Western-centrism can clearly be identified in the Liberal and Realist traditions of IR. Liberalism is informed by ethical principles, giving it a normative agenda based on fostering peace and cooperation for mutual gain through international institutions. Yet these ethical principles are a product of Western intellectual histories, while the institutions at the core of their analyses, such as the UN, were founded, and are dominated, by Western powers (Barkawi, 2006, p. 331; Jervis, 1999, pp. 43-63; Powell, 1994, pp. 335-344). It can thus be said that Liberalism serves to rationalise Western hegemony by institutionalising and universalising Western laws, rules and ideas (Agathangelou, 2004, p. 31; Grovogui, 2007, pp. 235-236). Further than this however, these institutions can validly be accused of working in the interests of the West at the expense of the rest of the world. The League of Nations and limited government for instance were two institutions that served to uphold the interstate commercial system. Liberals claim that this leads to corporate growth, which in turn generates prosperity. However, this ignores the pertinent criticism that it in fact may lead to prosperity solely for Western countries, thereby rendering the Third World economically dependent on an increasingly hegemonic Western order (Agathangelou, 2004, pp. 24-25; Tickner, 2003, p. 306). Realism on the other hand is Western-centric by open admission. It regards Great powers as the most important objects of study because it claims that in an anarchical international system only they can account for change; and in modern times they have been concentrated in the West. The actions of the weak are regarded as marginal or derivative of those of the powerful (Agathangelou, 2004, p. 27; Barkawi, 2006, pp. 329-334; Tickner, 2003, pp. 300-301). Such an outlook however comes from an implicit prioritising of the security needs of the strong. Suggesting that only the Great powers have real agency means the weak, which make up the majority of the world’s population, are left out of the analysis altogether, and therefore their experiences and problems are disregarded. Furthermore, the “strong do what they will while the weak do what they must” attitude rationalises and justifies Western attempts to dominate other countries, while also ignoring the fact that modern Southern movements do have the ability to fundamentally change world politics – as is shown by Al-Qaeda and 9/11 (Agathangelou, 2004, p. 24; Barkawi, 2006, pp. 329-334, 352; Grovogui, 2007, p. 244; Tickner, 2003, p. 300).

Traditional IR is intrinsically Western-centric. Its scope is everything that goes on between sovereign states – which are regarded as the primary actors to be analysed – as opposed to within states. States being the basic units of analysis means that the international arena is regarded as anarchic; containing no supreme body above the state level. This idea is known as the “Westphalian” model (Barkawi, 2002, pp. 111-112; Tickner, 2003, pp. 299, 309). Yet the condition of international anarchy posited is one that only applies in some contexts. Weaker countries are in practice subordinate to more powerful Western countries; making the international system effectively hierarchical. It can only be seen as otherwise from the eyes of those competing for control of it (Tickner, 2003, p. 309). This Westphalian model relies also on an idea of sovereign statehood which is applicable only to particular times and places – mainly the West (Barkawi, 2002, p. 110). In Africa for instance state borders are mostly artificial boundaries drawn up by the old colonial powers, with each “national” territory containing a variety of social, linguistic, ethnic and religious groups. Accepting the state as the foundation for analysis is “the same as acknowledging the legitimacy of colonial territoriality and the institutional expression of colonialism”. It also ignores the fact that many states in Africa have been usurped of many of their functions by other bodies, such as armed militias, organic nationalist movements, and international businesses, making them not the central political actors in the region (Grovogui, 2007, p. 236; Tickner, 2003, pp. 315-316). Traditional IR ignores the relevance of “community” for study, as well as the relations between local political and cultural groups, and therefore the constitution of states. It cannot comprehend, and therefore dismisses, the complex societal interactions that take place in the Third World (Barkawi, 2002, pp. 111-112; Tickner, 2003, pp. 309-310, 323).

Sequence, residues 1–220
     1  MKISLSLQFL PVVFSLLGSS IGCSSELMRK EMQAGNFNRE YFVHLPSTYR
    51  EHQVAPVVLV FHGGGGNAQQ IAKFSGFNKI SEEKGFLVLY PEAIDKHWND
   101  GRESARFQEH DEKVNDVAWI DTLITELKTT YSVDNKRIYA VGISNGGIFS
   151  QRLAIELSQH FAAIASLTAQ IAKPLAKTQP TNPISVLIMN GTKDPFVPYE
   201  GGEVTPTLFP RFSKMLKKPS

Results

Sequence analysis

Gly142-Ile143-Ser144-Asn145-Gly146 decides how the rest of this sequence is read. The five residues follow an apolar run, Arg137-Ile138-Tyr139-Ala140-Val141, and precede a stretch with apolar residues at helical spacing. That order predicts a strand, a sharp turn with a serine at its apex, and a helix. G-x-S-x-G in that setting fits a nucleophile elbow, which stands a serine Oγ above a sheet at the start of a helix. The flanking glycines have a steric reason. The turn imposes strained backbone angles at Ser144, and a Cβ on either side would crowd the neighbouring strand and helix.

IR scholarship in recent years has attempted to overcome Western-centrism. Dependency theories for instance strove to break Third World economic and intellectual dependence on the core. Later Postpositivist theories acknowledged the artificiality of the discipline’s borders and the narrowness of its discourses. However these theories have shown limited success in this regard because they are all based on Western intellectual traditions and analytical frameworks (Agathangelou, 2004, p. 28; Tickner, 2003, pp. 306, 324).

It is apparent that IR is a Western-centric discipline. The fact that the vast majority of its scholars hail from the West has an inevitable distorting effect on academic study, in terms of: the issues considered important, the actors given attention, and the categories of “Self” and “Others”. These distortions all ultimately derive from Western intellectual tradition and popular and political discourse, which form the basis of the writers’ understandings and worldviews. There have been attempts in recent years to overcome these problems, but so long as the field of IR continues to be dominated by Westerners and excludes those born and raised in the Third World, it will remain Western-centric.